Saturday, 20 October 2012

No Fun (can be more fun) - Part 2

In the last post I shared how continually reading writing advice may create some disillusionment when trying to build your own voice and story. However reading Proverbs showed me something valuable. Each verse is writing advice if you know how to apply it to your work. Each verse shows a separate way to raise stakes, boost character profile, and add mystery.


I was in chapter 25 (of Proverbs) and recommend you simply have a read. What if the verses were writing tips to improve plot and structure? What if a new angle could be found that would break writer's block?

Consider the following verses:

v17 - Don’t visit your neighbors too often, or you will wear out your welcome.

Does your story need the enrichment of a meddling busybody? Is one of the characters nosy? Consider the traits of such a person including appearance, idiosyncrasies, and age. What makes them act like this? What is their relationship to your Key Character (KC, otherwise known as a protagonist) and the plot?

v28 - A person without self-control is like a city with broken-down walls.

Could your story use a reckless soul to move it along and provide interest and colour? He might have a hankering for dim-sum-yum or an affinityfor guns - or both.
How might seemingly irreparable brokenness add flavour to your story?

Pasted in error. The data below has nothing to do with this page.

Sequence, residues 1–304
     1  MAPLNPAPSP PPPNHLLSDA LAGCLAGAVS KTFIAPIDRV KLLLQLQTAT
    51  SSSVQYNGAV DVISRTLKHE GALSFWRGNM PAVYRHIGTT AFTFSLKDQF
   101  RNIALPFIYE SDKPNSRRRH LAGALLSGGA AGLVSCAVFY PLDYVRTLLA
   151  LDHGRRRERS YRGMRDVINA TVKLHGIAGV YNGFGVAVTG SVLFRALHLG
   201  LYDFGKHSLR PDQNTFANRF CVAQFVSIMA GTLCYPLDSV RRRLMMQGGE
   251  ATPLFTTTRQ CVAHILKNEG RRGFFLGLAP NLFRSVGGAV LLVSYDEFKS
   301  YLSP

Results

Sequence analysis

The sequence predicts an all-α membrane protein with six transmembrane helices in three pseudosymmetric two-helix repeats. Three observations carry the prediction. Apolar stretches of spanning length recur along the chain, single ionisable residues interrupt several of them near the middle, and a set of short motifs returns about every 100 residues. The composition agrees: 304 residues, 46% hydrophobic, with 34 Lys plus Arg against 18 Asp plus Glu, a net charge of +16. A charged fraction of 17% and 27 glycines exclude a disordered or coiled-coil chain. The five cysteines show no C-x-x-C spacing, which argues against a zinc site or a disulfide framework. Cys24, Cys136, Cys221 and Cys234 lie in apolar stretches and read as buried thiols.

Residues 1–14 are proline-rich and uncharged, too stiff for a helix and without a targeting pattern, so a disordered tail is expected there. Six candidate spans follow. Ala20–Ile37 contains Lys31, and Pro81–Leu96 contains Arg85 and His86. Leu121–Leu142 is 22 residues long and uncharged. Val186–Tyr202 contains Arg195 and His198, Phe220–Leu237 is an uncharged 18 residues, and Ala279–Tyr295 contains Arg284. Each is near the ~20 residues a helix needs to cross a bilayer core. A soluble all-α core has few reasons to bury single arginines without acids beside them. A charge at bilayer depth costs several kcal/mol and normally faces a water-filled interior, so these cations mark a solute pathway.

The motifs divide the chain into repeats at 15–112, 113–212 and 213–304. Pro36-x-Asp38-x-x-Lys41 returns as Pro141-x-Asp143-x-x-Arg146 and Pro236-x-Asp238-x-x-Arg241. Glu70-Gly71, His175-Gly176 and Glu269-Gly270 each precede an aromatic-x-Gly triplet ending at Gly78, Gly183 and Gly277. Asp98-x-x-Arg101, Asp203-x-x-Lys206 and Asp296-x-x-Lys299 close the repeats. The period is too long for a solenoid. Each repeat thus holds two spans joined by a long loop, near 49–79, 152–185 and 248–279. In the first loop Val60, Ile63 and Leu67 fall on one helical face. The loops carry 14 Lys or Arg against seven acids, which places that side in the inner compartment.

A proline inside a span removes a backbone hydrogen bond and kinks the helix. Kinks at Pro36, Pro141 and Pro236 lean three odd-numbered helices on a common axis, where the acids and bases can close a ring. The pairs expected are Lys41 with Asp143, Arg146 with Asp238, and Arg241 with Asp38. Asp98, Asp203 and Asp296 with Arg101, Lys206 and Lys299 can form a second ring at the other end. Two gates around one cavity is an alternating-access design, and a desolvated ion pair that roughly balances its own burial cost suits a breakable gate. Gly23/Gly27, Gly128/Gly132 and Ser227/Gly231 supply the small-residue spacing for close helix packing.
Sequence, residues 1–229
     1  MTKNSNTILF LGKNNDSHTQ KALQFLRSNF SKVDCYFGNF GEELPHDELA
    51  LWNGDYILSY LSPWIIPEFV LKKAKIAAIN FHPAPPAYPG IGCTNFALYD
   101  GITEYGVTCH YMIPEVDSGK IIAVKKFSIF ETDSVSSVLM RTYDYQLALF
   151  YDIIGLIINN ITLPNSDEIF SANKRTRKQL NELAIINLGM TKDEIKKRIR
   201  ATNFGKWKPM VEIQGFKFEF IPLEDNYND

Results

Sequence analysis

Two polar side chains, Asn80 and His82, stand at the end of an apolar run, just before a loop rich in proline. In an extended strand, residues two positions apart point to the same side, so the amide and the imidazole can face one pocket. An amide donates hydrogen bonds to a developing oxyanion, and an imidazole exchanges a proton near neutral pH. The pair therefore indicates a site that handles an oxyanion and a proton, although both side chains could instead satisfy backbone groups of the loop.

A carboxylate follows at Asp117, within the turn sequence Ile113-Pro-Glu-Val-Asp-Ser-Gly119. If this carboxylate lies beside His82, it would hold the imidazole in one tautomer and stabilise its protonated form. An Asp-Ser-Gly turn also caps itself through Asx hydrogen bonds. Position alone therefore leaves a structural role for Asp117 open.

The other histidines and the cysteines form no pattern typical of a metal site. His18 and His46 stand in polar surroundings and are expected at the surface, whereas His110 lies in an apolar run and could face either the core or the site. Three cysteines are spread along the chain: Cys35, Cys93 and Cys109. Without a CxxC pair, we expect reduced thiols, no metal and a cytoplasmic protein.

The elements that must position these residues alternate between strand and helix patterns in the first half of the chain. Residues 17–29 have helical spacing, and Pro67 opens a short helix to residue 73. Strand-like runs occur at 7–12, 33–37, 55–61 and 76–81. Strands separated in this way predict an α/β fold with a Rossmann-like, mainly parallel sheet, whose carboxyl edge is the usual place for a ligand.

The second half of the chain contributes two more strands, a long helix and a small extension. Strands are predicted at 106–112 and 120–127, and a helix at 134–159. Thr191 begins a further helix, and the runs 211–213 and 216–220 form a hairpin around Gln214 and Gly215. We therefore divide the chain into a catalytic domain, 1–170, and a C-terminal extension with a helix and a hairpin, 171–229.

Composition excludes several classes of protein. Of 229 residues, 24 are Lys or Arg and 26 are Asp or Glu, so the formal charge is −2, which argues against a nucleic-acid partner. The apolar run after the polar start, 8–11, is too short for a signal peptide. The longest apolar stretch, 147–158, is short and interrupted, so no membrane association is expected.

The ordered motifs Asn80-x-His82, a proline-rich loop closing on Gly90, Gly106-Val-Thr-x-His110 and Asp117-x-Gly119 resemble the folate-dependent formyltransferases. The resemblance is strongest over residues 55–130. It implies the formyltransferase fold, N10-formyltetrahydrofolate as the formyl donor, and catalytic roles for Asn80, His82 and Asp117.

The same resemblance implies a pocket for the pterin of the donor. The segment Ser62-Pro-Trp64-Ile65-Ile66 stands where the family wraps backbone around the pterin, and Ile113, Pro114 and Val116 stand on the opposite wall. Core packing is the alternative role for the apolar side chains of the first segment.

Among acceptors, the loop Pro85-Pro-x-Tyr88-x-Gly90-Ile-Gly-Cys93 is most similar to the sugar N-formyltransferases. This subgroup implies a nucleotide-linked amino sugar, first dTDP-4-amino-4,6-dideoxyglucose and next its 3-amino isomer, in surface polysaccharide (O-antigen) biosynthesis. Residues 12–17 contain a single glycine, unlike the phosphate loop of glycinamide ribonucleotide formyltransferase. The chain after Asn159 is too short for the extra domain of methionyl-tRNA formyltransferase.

v4 - Remove the impurities from silver, and the sterling will be ready for the silversmith.

Every character needs refining and it's the process that keeps pages turning. We read because we relate and we know that learning the hard way still gets us everytime. How might your KC respond to a furnace situation (that you have been through)?

v9 - When arguing with your neighbor, don’t betray another person’s secret.

It really needs no explanation, for all the danger, excitement and cataclysmic results this can cause in all its various forms. It might be a story told from one child to another (or to her peer), or it could be the of the magnitude of Wikileaks. How characters within the story respond to this information leaves the writing world as your oyster, so use wisely.

v21 - If your enemies are hungry, give them food to eat. If they are thirsty, give them water to drink.

What would happen if your antagonist paid a visit to your KC and was suddenly nice to him? Would this get the attention of the KC as well as the reader? What alarm bells would ring and what tone would it set (or change)?

Consider verses 13, 7, and 19. How might a brainstorm on these improve your work? You don't have to kill anybody but you can afford to be a little ruthless. Test ideas and break new ground in your writing life and remember:

1) Writing publications are necessary, yet God is able to show you your own unique voice His way,
2) The Bible is for everyone.

Don't be afraid. Investigate and try new things. Simplicity is wonderful.


“Delight yourself in the LORD and he will give you the desires of your heart.” Psalm 37:4
Fais de l’Eternel tes délices, et il te donnera ce que ton cœur désire.

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